- Paperback: 240 pages
- Publisher: Hay House Inc.; Reprint edition (October 15, 2013)
- Language: English
- ISBN-10: 1401942628
- ISBN-13: 978-1401942625
- Product Dimensions: 6.1 x 0.6 x 9.1 inches
- Shipping Weight: 12.6 ounces (View shipping rates and policies)
- Average Customer Review: 70 customer reviews
- Amazon Best Sellers Rank: #1,190,012 in Books (See Top 100 in Books)
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Stop Drifting, Start Rowing: One Woman's Search for Happiness and Meaning Alone on the Pacific Paperback – October 15, 2013
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About the Author
Roz Savage is a British ocean rower, environmental campaigner, author, and speaker. She holds four world records for ocean rowing, including first woman to row solo across the Atlantic, Pacific, and Indian Oceans. She has rowed more than 15,000 miles, taken around five million oar strokes, and spent cumulatively more than 500 days of her life at sea in a 23-foot rowboat. Her first book, Rowing The Atlantic: Lessons Learned on the Open Ocean, was published in 2009. She is a United Nations Climate Hero, a fellow of the Royal Geographical Society, a fellow of the Explorers Club of New York, and has been listed among the Top 20 Great British Adventurers by The Telegraph. She was named a 2011 Adventurer of the Year by National Geographic; and in 2012, she became a Yale World Fellow.
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Savage’s original intent was to row from San Francisco to Hawai’i the first summer, from Hawai’i to a point in the South Pacific (initially Tuvalu but eventually Kiribati) the second, then on to Australia (in the end Papua New Guinea) the third summer. As she vividly describes in the book, the 2007 attempt was aborted after only a couple of weeks due to equipment problems and bad weather. This first summer’s false start includes some of the most challenging rowing on the voyage and has some of the best human – interest elements.
The reasons for altering the destinations for legs two and three are symbolic of the challenges of nature so clearly depicted in the book. They not only clearly delineate the limits the ocean puts on those who would accept a rowing challenge such as the one Roz did, but also showcase her dedication to achieving her goals and her courage in facing those challenges alone.
While it was during the Atlantic Row that the idea of using ocean rowing as a platform for showcasing her newfound environmental awareness, it was on the Pacific that specific elements of her future direction became apparent for Savage.
In the book, as in her almost daily blog posts from the Brocade, one sees her mission gain focus: from climate change to, climate impacts on the ocean, to the impact of plastics pollution on aquatic life. Today, though none of the early concerns have fallen off her radar, Roz spends most of her time working to reduce plastics pollution.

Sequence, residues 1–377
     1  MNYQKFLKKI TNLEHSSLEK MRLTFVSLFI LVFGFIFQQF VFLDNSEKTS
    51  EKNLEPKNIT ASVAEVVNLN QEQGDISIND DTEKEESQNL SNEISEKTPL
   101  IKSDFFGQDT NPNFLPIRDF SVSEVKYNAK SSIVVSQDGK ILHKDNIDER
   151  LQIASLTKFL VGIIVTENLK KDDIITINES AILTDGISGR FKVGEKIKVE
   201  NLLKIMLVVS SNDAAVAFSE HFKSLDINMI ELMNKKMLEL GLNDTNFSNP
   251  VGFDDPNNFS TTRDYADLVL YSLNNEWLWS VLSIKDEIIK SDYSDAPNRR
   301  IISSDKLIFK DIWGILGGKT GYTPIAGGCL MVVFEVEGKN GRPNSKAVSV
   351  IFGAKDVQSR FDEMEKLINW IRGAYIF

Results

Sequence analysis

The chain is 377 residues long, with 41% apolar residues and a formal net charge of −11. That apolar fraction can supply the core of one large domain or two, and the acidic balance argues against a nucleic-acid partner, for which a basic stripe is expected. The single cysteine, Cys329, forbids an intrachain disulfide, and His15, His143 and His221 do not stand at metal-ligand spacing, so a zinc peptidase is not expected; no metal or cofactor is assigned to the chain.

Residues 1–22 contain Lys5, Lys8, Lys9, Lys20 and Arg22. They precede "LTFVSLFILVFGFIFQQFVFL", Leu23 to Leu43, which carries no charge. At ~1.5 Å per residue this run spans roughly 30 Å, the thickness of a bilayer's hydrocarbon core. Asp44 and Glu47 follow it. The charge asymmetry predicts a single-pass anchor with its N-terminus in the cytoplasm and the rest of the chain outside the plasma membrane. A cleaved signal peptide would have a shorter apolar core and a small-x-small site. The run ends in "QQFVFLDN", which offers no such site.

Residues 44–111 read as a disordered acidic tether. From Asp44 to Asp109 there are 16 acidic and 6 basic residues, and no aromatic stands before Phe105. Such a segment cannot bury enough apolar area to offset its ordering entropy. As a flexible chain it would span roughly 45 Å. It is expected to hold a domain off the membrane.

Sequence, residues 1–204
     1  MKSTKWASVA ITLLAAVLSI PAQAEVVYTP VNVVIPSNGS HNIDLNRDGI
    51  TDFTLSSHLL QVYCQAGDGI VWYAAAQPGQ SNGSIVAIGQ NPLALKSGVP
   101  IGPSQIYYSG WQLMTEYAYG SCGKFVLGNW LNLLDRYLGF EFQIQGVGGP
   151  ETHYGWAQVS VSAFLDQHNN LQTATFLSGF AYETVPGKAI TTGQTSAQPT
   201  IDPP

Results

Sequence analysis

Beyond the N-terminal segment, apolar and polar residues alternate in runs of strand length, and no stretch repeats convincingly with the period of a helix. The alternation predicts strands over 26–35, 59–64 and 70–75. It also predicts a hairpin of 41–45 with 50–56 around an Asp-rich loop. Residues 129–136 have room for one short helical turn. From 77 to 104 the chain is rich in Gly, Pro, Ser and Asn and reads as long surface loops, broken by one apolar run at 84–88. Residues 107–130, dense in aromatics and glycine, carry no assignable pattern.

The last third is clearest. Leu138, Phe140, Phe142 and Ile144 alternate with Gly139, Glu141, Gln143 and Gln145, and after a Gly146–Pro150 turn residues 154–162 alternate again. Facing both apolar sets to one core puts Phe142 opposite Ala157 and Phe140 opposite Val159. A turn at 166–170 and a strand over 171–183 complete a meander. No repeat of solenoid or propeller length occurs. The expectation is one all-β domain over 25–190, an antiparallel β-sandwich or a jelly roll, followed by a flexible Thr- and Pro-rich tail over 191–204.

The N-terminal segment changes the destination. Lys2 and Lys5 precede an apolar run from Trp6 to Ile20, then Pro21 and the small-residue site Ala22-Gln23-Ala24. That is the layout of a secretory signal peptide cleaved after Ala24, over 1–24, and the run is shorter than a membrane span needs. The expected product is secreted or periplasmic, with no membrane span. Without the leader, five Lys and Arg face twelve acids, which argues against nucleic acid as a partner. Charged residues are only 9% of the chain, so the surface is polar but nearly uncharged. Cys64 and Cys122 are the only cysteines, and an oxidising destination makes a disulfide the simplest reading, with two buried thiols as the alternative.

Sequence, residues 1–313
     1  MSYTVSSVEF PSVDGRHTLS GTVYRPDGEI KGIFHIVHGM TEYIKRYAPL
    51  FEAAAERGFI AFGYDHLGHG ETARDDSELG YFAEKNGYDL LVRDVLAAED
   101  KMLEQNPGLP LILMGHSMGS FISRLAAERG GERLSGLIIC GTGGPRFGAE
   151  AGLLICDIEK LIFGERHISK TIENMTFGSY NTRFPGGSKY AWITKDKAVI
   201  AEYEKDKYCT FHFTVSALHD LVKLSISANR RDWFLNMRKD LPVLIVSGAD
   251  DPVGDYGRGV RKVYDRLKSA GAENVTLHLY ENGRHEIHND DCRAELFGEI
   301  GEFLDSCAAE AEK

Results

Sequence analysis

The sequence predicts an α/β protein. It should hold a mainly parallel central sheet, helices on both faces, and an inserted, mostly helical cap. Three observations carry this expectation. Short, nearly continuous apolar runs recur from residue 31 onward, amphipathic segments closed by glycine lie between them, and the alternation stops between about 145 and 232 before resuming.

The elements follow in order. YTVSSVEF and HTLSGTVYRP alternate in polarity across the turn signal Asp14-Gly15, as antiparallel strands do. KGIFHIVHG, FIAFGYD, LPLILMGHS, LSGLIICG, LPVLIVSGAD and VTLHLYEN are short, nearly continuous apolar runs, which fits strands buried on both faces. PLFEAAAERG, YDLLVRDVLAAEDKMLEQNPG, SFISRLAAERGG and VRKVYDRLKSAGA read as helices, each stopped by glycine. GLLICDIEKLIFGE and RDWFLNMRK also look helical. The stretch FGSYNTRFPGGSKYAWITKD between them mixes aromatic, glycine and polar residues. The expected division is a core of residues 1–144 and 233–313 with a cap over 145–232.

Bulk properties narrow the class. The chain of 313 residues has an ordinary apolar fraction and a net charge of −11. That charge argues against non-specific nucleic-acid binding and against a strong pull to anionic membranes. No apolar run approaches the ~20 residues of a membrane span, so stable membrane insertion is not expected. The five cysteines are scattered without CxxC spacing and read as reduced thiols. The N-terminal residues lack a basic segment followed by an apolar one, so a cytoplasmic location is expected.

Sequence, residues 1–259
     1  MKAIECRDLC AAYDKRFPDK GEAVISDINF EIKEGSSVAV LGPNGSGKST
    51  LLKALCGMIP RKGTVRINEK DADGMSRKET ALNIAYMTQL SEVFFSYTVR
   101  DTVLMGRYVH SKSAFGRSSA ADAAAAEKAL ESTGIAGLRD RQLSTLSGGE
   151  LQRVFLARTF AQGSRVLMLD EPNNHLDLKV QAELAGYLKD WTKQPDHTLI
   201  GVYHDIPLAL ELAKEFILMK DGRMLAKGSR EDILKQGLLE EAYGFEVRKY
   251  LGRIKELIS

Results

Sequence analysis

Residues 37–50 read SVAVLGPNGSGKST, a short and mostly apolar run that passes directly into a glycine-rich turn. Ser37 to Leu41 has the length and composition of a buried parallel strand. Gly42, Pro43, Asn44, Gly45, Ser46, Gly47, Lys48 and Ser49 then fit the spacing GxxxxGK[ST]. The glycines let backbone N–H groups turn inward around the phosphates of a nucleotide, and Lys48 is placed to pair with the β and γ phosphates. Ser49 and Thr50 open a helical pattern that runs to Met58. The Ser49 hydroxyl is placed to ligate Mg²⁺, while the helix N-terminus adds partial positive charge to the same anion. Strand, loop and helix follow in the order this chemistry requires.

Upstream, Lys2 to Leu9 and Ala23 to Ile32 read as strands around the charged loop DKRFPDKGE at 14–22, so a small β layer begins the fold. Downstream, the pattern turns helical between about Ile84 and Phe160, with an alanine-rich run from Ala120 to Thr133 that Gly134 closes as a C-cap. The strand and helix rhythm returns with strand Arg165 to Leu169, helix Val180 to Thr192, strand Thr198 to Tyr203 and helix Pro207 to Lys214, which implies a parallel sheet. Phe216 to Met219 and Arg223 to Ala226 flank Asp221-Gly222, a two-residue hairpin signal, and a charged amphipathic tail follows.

In keeping with the knowledge that recording every detail of some 300 days of rowing would not fit in a book of reasonable length, Stop Drifting, Start Rowing describes in some detail two or three events from each of the “legs” of the journey. “Rozlings” as the hard – core followers of her expedition blogs began calling themselves, may find the choice of story elements frustrating if their favorites got left on the editior’s desk. The uninitiated reader will simply find a compendium of well told stories summarizing pivotal events occurring in the course of a couple of million oar strokes. They will also share in Roz’s mental journey toward a clearer understanding of how to add meaning to her life through environmental advocacy.
Within those millions of oar strokes also lies the essential message of the book. How do you row across an 8000 mile wide ocean? You do it one oar stroke at a time. Similarly, you solve a seemingly insurmountable environmental problem one small positive act for the environment at a time.
If you want to learn how to begin simplifying your life so your impact on the earth is lessened you will want to read Stop Drifting, Start Rowing; if you want to read about facing challenges and having an adventure, you'll read it too.
As much as I enjoyed her Atlantic crossing 1st book, this was even better. I'ts almost like along with becoming a more
accomplished rower, she also became a more accomplished writer. The new book flows beautifully from chapter to chapter, and
there is a life lesson to be learned in each one. I feel like I almost know Roz. Her dreams for a cleaner more environmentally friendly world, echo my own. However, she is doing something about it, while I am reading about her endeavors to make at least a small change, if only an awareness, in the environmental mess, which our fellow human beings have created.